I have chosen to look at Gilbert & George’s art work for my critical dissertation/essay for several reasons:
- Their artwork works around the expression of simple human life nature symbols such as: death, life and the experiences of being a human: hope and fear.
- Their art relates to the psychological side of human nature and self-analysis
- Not only they are using symbolic-archetype symbols, they as well have considered the choice of colours and what their meaning.
Art works to look at when writing the critical dissertation:
- 1984, ‘Death Hope Life Fear‘ – a sequence of 4 art pieces each called differently: ‘Death’, ‘Hope’, ‘Life’ and ‘Fear’.
The artists’ art, which is sometimes seen as controversial and provocative, considers the entire cosmology of human experience and explores such themes as faith and religion, sexuality, race and identity, urban life, terrorism, superstition, AIDS-related loss, ageing, and death. The pictures in the exhibition have been loaned from public and private collections in North America and Europe.
More information from: http://www.contemporaryartdaily.com/2008/11/gilbert-george-at-the-brooklyn-museum/
Looking over more than three decades of Gilbert & George’s art, it is clear they move constantly from the world of the documentary present, literally seen through a camera lens, to a supernatural territory that, like so much art of the last two centuries, usurps traditional, shared religious concepts with private fantasies.
The power of these images is the result of the artists’ unbridled and uncensored imagination and of their fiercely simple colours and structures, which also echo through the corridors of religious art.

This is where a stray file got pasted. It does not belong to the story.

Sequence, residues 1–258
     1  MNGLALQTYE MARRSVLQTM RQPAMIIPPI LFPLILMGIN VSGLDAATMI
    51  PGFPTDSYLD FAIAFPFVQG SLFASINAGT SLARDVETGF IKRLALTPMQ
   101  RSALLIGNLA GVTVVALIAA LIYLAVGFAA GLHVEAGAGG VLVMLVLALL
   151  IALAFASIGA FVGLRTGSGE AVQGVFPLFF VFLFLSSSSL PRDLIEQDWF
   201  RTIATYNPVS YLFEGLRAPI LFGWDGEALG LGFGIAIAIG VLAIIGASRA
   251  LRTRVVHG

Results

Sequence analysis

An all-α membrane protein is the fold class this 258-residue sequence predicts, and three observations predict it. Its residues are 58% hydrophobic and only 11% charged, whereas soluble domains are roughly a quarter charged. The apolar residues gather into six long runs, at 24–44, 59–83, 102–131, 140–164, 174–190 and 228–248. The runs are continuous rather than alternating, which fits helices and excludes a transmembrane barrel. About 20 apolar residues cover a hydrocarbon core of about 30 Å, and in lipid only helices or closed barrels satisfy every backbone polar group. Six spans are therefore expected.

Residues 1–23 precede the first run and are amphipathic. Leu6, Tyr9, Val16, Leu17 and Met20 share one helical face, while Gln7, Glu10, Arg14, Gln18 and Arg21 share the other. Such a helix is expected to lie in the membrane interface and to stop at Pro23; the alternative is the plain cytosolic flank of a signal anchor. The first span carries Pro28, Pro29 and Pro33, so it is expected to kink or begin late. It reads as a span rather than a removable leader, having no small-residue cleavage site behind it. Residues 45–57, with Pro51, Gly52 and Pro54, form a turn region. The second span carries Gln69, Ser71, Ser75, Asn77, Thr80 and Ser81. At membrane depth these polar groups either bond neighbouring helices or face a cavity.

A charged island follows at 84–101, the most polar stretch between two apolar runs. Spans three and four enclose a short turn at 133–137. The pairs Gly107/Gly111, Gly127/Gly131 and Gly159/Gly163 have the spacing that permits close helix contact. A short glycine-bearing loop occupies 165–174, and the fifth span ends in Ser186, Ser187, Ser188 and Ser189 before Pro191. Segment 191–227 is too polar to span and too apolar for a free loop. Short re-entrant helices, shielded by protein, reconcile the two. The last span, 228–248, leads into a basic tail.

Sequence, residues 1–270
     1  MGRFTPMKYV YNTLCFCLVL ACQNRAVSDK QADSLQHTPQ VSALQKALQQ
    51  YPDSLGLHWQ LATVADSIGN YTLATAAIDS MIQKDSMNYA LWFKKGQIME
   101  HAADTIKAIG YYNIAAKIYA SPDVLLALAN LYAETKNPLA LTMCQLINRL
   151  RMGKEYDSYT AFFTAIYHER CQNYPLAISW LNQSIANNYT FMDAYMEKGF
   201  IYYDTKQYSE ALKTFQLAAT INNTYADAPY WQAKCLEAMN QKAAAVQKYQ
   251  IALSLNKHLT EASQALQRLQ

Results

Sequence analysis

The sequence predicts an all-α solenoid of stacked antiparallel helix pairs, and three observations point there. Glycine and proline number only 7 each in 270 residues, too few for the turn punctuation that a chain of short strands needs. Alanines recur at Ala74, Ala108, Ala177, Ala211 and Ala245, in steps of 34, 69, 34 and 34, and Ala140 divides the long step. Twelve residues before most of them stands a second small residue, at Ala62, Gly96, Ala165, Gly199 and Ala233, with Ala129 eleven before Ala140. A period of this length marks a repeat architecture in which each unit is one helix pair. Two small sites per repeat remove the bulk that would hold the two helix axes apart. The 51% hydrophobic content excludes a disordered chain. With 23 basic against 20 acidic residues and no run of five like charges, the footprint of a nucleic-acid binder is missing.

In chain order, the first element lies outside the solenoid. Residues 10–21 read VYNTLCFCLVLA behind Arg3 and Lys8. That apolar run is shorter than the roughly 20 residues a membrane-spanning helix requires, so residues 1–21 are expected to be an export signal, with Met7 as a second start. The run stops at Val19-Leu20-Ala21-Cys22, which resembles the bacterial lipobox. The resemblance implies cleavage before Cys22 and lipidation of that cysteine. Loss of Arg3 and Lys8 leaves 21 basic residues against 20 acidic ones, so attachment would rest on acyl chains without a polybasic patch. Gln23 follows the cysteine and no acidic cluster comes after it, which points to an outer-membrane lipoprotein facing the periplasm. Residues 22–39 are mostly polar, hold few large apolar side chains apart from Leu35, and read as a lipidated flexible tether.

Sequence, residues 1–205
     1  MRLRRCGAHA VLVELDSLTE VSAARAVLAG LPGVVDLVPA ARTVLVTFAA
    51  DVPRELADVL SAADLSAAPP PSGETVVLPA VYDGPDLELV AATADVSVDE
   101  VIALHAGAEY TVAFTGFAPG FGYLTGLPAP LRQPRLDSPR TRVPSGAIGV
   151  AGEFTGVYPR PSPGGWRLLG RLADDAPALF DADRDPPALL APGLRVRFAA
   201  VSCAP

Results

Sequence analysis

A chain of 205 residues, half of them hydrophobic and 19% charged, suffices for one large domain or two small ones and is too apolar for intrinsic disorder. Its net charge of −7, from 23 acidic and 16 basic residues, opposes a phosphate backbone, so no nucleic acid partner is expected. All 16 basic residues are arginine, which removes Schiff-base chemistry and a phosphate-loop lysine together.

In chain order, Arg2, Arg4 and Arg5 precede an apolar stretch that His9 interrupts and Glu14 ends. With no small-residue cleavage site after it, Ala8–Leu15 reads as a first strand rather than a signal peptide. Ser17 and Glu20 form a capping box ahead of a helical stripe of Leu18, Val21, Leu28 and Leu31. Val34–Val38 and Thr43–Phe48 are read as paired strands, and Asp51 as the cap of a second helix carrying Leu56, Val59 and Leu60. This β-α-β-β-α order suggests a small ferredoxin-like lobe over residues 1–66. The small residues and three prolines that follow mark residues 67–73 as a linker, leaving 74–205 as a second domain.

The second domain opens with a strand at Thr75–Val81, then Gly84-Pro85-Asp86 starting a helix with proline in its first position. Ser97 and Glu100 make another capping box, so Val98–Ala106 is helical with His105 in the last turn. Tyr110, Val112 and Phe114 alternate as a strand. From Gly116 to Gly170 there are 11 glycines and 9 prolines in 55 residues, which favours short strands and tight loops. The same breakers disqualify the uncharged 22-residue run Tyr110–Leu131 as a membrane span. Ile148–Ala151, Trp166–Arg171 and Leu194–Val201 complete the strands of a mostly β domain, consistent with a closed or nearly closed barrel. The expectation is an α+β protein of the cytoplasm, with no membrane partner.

Throughout Gilbert & George’s art, the ghost of William Blake keeps hovering, as if reincarnated in the contemporary world. This is true even of their language. Like Blake, they fuse word and image, repeating their titles within their pictures and at times <…> they even inscribe the titles across the pictures, like book jackets on a personal diary.
The hermetic world of art and life created by Gilbert & George may at first seem untethered to space-time coordinates on earth, but just as Blake’s visions, however unique, can be related to the art world of his time, so too is Gilbert & George’s bell-jar universe in constant contact with what their more earthbound contemporaries are doing.
Rosenblum, R. (2004). Introducing Gilbert & George. London: Thames & Hudson
Gilbert & George place themselves, their thoughts and their feelings at the centre of their art, and almost all of the images they use are gathered within walking distance of their home in London’s East End. Yet their pictures capture a broad human experience, encompassing an astonishing range of emotions and themes, from rural idylls to gritty images of a decaying London; from fantastical brightly-coloured panoramas to raw examinations of humanity stripped bare; from sex advertisements to religious fundamentalism.
Tate. (2007). Gilbert & George. (Online).
Available from: http://www.tate.org.uk/whats-on/tate-modern/exhibition/gilbert-george